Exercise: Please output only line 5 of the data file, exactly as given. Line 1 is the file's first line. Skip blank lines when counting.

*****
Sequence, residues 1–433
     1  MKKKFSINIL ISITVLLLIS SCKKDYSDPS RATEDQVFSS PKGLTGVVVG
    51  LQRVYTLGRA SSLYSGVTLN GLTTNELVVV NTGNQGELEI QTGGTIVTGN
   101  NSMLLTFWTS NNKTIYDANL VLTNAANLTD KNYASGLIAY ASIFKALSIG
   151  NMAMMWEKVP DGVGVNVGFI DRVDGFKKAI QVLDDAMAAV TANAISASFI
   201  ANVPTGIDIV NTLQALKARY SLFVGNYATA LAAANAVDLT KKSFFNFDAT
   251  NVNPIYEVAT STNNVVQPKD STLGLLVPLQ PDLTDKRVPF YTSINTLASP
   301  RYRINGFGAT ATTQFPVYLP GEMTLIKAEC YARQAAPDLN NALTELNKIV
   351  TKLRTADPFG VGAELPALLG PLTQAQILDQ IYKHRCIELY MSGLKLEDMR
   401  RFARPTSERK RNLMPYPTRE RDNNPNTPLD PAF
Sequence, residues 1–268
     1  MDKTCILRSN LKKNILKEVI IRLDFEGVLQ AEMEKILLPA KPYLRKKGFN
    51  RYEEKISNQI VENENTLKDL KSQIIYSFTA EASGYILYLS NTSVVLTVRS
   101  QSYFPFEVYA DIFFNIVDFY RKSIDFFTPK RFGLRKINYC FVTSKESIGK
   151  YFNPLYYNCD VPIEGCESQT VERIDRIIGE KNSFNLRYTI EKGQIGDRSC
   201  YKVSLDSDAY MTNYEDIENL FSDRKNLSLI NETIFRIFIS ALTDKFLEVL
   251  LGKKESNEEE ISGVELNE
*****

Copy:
   151  NMAMMWEKVP DGVGVNVGFI DRVDGFKKAI QVLDDAMAAV TANAISASFI